The last time John Fischer sought resumes for an open position at his company, StickerGiant, he received more than 200 — a list that took precious time to condense to interview-worthy candidates. Today, StickerGiant uses online surveys to find the best and weed out the rest. Indeed, companies are using a variety of tools—chief among them social media platforms—to move beyond resumes to match the right people with the right jobs.
Resumes are not obsolete, but the concept of them has changed tremendously, said Josh Bersin, principal of Bersin by Deloitte, a human resources research firm owned by Deloitte Consulting.
And because there’s so much data available about people on the Internet, companies are mining job candidates’ social media footprints to find out about them, evaluate their strengths and weaknesses, and assess whether they’re a good cultural fit. Bersin noted that a number of startups–including Gild, Reppify and TalentBin–aggregate information about people via their social media profiles for recruiters to use when seeking talent.
The way that companies recruit can itself be a test of potential employees’ savvy in specific areas–including social media. For example, when Enterasys, a network infrastructure firm in Boston, recruited for a social media marketing position last winter, it posted the listing solely on Twitter. The firm promoted the position via tweets, and accepted applications only from candidates who tweeted their interest using the hashtag #socialCV. In addition, candidates had to have more than 1,000 active Twitter followers.
These criteria enabled Enterasys to quickly narrow down the field and hire “an award-winning social strategist.” Vala Afshar, Enterasys’ chief marketing officer, said the experience convinced him that Twitter recruiting is the way to go: “The Web is your CV [curriculum vitae], and social networks are your references.”
Optimizing resumes with online insights
If your company isn’t quite ready to hire someone via Twitter, don’t worry. There are plenty of organizations that still use the on-paper CV as a primary method for evaluating potential employees. But to reduce the woes that hiring managers like StickerGiant’s Fischer faced–too many resumes from under- or over-qualified people–Bersin of Deloitte’s Bersin recommends that companies ask all applicants at least one open-ended question that must be answered in long form.
“A good [question] will hone in on a person’s real work experience,” he said. “Like, ‘Describe a work experience in which you were successful: Why did you succeed? How did you do it? And how did you measure that success?’ The answer will tell you a person’s capabilities, experience and his or her interest in the position.”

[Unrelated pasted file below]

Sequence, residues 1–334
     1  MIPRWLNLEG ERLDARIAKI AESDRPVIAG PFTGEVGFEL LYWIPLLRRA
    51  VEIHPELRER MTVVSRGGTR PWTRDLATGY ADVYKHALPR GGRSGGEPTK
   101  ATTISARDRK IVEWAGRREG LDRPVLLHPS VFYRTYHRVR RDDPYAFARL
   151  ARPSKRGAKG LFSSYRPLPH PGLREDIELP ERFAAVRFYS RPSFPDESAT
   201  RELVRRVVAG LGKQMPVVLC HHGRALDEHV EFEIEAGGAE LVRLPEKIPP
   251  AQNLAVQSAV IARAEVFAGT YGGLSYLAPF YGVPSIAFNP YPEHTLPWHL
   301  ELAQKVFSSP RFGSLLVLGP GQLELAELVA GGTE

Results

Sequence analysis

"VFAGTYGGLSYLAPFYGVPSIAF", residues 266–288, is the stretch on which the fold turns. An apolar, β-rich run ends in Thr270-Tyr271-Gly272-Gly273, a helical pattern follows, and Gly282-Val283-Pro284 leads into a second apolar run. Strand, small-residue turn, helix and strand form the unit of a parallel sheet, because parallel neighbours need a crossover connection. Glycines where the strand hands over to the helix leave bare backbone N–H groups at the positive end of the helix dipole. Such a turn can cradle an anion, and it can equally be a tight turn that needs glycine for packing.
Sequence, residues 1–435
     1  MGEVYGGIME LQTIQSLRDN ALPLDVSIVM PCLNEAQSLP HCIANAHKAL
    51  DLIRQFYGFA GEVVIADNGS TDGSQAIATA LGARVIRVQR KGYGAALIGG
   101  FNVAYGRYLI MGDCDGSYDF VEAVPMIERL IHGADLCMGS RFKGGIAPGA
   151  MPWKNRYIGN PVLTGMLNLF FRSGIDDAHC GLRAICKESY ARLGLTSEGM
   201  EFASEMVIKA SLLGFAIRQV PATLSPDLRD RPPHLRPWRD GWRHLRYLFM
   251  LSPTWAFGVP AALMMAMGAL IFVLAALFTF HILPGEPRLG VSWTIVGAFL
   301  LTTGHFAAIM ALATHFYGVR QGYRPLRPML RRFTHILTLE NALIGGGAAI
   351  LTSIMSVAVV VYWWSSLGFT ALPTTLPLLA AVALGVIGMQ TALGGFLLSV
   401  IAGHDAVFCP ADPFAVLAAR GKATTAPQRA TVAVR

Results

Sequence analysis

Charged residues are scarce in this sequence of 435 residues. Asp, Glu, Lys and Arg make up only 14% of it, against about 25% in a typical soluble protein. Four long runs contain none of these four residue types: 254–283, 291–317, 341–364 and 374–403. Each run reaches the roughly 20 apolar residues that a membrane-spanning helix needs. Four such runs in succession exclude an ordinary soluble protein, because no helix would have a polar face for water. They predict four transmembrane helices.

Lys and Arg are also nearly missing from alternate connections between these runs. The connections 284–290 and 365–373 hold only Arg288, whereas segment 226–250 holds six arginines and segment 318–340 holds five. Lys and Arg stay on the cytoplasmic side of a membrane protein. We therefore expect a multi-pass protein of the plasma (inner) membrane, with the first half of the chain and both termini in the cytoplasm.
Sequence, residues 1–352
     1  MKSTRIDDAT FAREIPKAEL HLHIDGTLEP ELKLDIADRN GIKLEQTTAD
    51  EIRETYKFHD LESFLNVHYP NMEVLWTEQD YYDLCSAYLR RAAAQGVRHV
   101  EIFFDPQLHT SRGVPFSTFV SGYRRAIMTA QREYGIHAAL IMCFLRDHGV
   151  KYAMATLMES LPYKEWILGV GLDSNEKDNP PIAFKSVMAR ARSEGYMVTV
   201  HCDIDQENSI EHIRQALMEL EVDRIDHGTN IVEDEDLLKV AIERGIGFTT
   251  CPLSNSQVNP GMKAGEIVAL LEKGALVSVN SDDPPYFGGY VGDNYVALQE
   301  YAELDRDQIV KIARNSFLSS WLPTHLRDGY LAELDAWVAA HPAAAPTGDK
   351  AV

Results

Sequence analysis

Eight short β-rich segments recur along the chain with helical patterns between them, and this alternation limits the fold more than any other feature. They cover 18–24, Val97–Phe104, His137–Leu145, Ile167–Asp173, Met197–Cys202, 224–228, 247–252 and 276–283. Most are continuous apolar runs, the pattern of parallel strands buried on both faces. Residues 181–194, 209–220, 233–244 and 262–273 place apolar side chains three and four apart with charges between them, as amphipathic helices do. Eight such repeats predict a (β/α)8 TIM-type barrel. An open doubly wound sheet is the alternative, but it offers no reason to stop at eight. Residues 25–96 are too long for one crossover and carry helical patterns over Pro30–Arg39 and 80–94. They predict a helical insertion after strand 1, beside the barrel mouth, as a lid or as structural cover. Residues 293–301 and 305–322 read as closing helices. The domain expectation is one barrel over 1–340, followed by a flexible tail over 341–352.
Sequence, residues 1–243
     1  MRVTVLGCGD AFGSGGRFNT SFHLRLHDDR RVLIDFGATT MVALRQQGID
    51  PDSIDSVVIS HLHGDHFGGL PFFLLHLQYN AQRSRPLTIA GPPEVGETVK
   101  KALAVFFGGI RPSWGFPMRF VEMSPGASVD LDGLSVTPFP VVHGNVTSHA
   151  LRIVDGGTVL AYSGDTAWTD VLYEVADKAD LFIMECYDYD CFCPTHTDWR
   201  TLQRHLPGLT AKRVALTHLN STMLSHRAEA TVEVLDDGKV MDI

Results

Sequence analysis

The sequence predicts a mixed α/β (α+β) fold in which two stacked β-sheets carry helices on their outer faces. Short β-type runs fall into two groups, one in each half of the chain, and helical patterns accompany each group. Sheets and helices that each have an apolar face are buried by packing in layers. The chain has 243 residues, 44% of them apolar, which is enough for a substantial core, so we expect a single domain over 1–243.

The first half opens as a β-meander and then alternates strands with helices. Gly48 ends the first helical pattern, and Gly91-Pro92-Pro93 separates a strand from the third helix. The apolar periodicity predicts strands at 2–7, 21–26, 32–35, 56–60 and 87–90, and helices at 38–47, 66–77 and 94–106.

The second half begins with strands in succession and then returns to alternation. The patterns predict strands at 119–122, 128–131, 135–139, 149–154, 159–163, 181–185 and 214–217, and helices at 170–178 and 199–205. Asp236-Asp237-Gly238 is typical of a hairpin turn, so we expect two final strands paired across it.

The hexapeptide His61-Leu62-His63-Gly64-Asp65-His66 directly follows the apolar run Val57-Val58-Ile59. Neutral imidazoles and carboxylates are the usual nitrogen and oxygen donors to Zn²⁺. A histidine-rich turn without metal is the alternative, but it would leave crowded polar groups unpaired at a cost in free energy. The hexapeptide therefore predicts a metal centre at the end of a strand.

Looking at it from the perspective of potential employees, Bersin recommends that job seekers spend as much time on their Internet presence as they do on their resumes.
“Recruiters are going to look at your LinkedIn, Facebook and Twitter profiles, so you have to think about all those as your marketing tools,” he noted.
While jobs in communications, marketing or social media may benefit most from a candidate with a star online presence, taking the time to craft a digital profile for recruiters can benefit anyone in any industry. As proof of social media’s power in the job search in an increasingly connected world, Bersin described a recruiter scouting for an engineer who worked at nuclear power plants and was familiar with the failure of the Fukushima power plant in Japan after it was hit by the tsunami in 2011. He searched LinkedIn’s forums and found someone who had started a chat on that exact issue. The person obviously had some good qualifications, but it was his interest in the topic that made him the recruiter’s top candidate.
Social media do’s and don’ts
To effectively leverage social media in your job search, there are some things you should do and some things you definitely shouldn’t do.
Do set up accounts on the major social networks: Twitter, Facebook, and, especially, LinkedIn. Also, follow the companies you want to work for in the future.
Don’t let your accounts sit idle. It’s not enough just to establish presence on these sites; potential employers will be looking for productive activity on these sites, as well–ask questions, make comments, share. This is especially true for fields in which social is heavily leveraged and valued.
Do ask for people to write you references on LinkedIn, and write references for others yourself.
Don’t forget that everything you put online stays there–somewhere–and that anyone from prospective employers to former bosses and coworkers can find and see it. Questionable photos, potentially offensive comments, criticisms against current or former employers, etc., will come back to haunt you.
Not so long ago, employers and potential employees relied almost solely on resumes to, respectively, fill positions and demonstrate the ability to fill those positions. Today, a company’s Twitter presence could be the thing that attracts the next employee, while that blog you’ve been writing faithfully could be the thing that gets you that dream job.